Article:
Recommendations for the Use of Antiretroviral Drugs in Pregnant Women with HIV Infection and Interventions to Reduce Perinatal HIV Transmission in the United States

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The information in the brief version is excerpted directly from the full-text guidelines. The brief version is a compilation of the tables and boxed recommendations.

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Preconception Counseling and Care for Women of Childbearing Age Living with HIV

Reproductive Options for Couples in Which One or Both Partners are Living with HIV

Last Updated: December 7, 2018; Last Reviewed: December 7, 2018

Panel's Recommendations Regarding Reproductive Options for Couples in Which One or Both Partners are Living with HIV
Panel's Recommendations

For Couples Who Want to Conceive When One or Both Partners are Living with HIV:

  • Expert consultation is recommended so that approaches can be tailored to couples’ specific needs (AIII)
  • Partners should be screened and treated for genital tract infections before attempting to conceive (AII).
  • Partners living with HIV infection should attain maximum viral suppression before attempting conception to prevent HIV sexual transmission (AI) and, for women living with HIV, to minimize the risk of HIV transmission to the infant (AII)
  • For couples with differing HIV statuses, when the partner living with HIV is on ART and has achieved sustained viral suppression, sexual intercourse without a condom limited to the 2 to 3 days before and the day of ovulation (peak fertility) is an approach to conception with effectively no risk of sexual HIV transmission to the partner without HIV (BII).
  • For couples with differing HIV statuses who attempt conception via sexual intercourse without a condom (despite counseling) when the partner living with HIV has not been able to achieve viral suppression or when the viral suppression status is not known, administration of antiretroviral pre-exposure prophylaxis (PrEP) to the partner without HIV is recommended to reduce the risk of sexual transmission of HIV (AI). Couples should still be counseled to limit sex (without condoms) to the period of peak fertility (AIII).
  • When the woman is living with HIV, assisted insemination at home or in a provider’s office with semen from a partner without HIV during the periovulatory period is an option for conception that eliminates the risk of HIV transmission to the partner without HIV (AIII).
  • When the man is living with HIV, the use of donor sperm from a man without HIV is an option for conception that eliminates the risk of HIV transmission to the partner without HIV (BIII).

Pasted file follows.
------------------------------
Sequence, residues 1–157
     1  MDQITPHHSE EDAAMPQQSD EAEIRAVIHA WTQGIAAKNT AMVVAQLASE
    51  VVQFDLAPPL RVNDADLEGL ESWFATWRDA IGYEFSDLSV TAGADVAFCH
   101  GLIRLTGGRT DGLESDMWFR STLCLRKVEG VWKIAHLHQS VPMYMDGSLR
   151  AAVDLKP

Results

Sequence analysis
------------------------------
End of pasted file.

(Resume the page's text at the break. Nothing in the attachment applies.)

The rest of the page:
• For couples with differing HIV status who attempt conception (sexual intercourse without a condom limited to peak fertility) when the partner living with HIV has achieved viral suppression, it is unclear whether administering PrEP to the partner without HIV further reduces the risk of sexual transmission (CIII).
Rating of Recommendations: A = Strong; B = Moderate; C = Optional
Rating of Evidence: I = One or more randomized trials with clinical outcomes and/or validated laboratory endpoints; II = One or more well-designed, nonrandomized trials or observational cohort studies with long-term clinical outcomes; III = Expert opinion

Table 4. Clinical Trials of Pre-Exposure Prophylaxis
Trial Study Population Location Intervention Outcome Comments
TDF2 1,219 sexually active adults; 55% male, 45% female; 94 % unmarried; approximately 90% aged 21–29 years
Botswana Daily oral TDF/FTC
63% protection
>30% did not complete study; cannot draw definitive conclusions for women and men separately.
PIP 4,758 serodiscordant heterosexual couples; 38% HIV-negative female, 68% HIV-negative male partner; 98% married; median age 33 years
Botswana, Kenya, Rwanda, South Africa, Tanzania, Uganda, Zambia
Daily oral TDF or TDF/FTC
67% protection with TDF alone; 75% protection with TDF/FTC
Serodiscordant couples may be a distinct, unique population.
FEM-PrEP
1,951 heterosexual women aged 18–35 years at high risk of infection 
Kenya, South Africa, Tanzania
Daily oral TDF/FTC
Trial discontinued for futility in April 2011.
Adherence assessment with monthly clinical samples to measure drug concentration is pending.
VOICE
MTN-003
5,029 heterosexual women aged 18–45 years in high prevalence areas of HIV
Uganda, South Africa, Zimbabwe 
Daily oral TDF or daily oral TDF/FTC or daily topical TFV gel
No study drug significantly reduced the risk of HIV acquisition. Estimates of effectiveness were <0 for TDF and TDF/FTC daily oral dosing (negative 48.8% and negative 4.2% TDF/FTC respectively), and reduced risk of HIV infection of 14.7% for TFV gel. 
Adherence to study drugs was low; TFV was detected in 30% of the oral TFV arm, 29% in the oral TDF/FTC arm, and 25% in the TFV gel arm.
Adapted from: Kashuba et al., Pre-exposure prophylaxis for HIV prevention: how to predict success: Table Antiretroviral-based HIV prevention studies. Lancet. 2012;379(9835): 2409-2411.

Key to Acronyms: FTC = emtricitabine; TDF = tenofovir disoproxil fumarate; TFV = tenofovir

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